The Bureau of Labor Statistics released the June report on unemployment today. Unemployment fell from 5.0% to 4.7% and the economy added only 38,000 jobs in May. The job gain was the lowest since 2010.

In the last few years, the market has averaged gains of 200,000 jobs per month. April’s gains of 123,000 jobs and the May gain of 38,000 are well below the average for the last few years.


A few notable points on this report. First is the month long strike occurring at Verizon, which depressed information sector payrolls by 34,000 jobs. Underscoring the report’s weakness, employers hired 59,000 fewer workers in March and April than previously reported.

Also of note is the decline in the U-3 unemployment rate from 5.0% to 4.7%. This dip is largely attributable to the fact that 458,000 Americans gave up the search for work. The U-3 rate is the most commonly referenced number for unemployment. The U-6 unemployment rate, a favorite of Fed Chairman Janet Yellen remained unchanged at 9.7% from April, and is down slightly from 9.9% at the beginning of the year. The U-6 rate counts the full-time unemployed as well as workers who have become discouraged and stopped looking for employment, but still want to work.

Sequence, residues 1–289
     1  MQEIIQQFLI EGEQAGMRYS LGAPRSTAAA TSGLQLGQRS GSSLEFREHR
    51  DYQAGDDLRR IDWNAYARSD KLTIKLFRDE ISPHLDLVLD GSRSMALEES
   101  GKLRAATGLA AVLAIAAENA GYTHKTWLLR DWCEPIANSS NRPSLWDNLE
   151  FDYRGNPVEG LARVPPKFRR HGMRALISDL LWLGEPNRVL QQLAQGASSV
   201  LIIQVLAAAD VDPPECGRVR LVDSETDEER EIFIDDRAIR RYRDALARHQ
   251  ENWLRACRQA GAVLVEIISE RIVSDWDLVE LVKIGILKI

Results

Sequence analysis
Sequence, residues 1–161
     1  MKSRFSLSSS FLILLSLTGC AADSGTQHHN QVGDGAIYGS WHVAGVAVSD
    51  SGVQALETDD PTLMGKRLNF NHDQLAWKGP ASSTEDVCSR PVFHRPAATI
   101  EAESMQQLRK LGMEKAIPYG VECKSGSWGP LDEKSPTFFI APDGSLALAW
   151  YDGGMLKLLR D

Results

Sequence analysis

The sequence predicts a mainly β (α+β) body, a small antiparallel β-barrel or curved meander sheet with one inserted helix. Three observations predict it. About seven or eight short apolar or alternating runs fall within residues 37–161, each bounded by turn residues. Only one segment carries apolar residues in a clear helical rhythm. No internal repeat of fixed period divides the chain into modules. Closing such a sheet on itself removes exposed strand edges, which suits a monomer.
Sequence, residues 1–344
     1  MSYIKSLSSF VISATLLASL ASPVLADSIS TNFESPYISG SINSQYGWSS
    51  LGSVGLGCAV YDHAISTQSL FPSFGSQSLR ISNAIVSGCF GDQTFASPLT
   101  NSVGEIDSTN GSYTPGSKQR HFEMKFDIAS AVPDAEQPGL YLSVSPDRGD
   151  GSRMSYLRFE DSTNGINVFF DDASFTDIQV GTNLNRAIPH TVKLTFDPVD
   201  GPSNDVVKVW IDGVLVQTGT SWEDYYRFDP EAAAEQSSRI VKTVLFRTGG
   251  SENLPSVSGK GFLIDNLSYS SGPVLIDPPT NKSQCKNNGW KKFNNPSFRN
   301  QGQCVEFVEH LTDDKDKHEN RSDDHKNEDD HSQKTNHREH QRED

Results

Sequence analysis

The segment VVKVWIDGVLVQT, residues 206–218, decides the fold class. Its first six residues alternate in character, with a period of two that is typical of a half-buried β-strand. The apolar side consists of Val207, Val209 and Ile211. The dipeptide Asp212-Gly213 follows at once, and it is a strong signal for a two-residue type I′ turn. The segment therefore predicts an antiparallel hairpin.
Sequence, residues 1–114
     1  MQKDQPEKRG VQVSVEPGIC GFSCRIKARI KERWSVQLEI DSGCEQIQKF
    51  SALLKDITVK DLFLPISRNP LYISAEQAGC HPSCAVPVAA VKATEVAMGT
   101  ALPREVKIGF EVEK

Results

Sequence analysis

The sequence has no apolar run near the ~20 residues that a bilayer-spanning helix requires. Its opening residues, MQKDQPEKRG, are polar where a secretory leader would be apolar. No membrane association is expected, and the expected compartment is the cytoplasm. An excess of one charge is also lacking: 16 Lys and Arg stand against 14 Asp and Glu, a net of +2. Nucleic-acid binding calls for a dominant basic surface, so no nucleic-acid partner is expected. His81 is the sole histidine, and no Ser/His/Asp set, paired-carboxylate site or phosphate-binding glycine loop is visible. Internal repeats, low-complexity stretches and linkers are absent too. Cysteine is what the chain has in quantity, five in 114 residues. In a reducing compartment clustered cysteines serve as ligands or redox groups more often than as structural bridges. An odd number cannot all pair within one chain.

The weak report bucks data on consumer spending, industrial production and housing that have indicated the economy was gaining momentum after growth slowed to a 0.8 percent annualized rate in the first quarter.

The positive indications being given off by the economy had given credence to a potential interest rate hike from the Fed in June. This report will likely give pause to Janet Yellen and the Fed in its rate raise discussion.

Silver lining: wages grew 2.5% in May

Perhaps the only slightly upbeat sign was wage growth, which continued to show signs of life in May, albeit at a slow pace historically. Wages grew 2.5% in May. The Fed wants to see wage growth around 3.5%.


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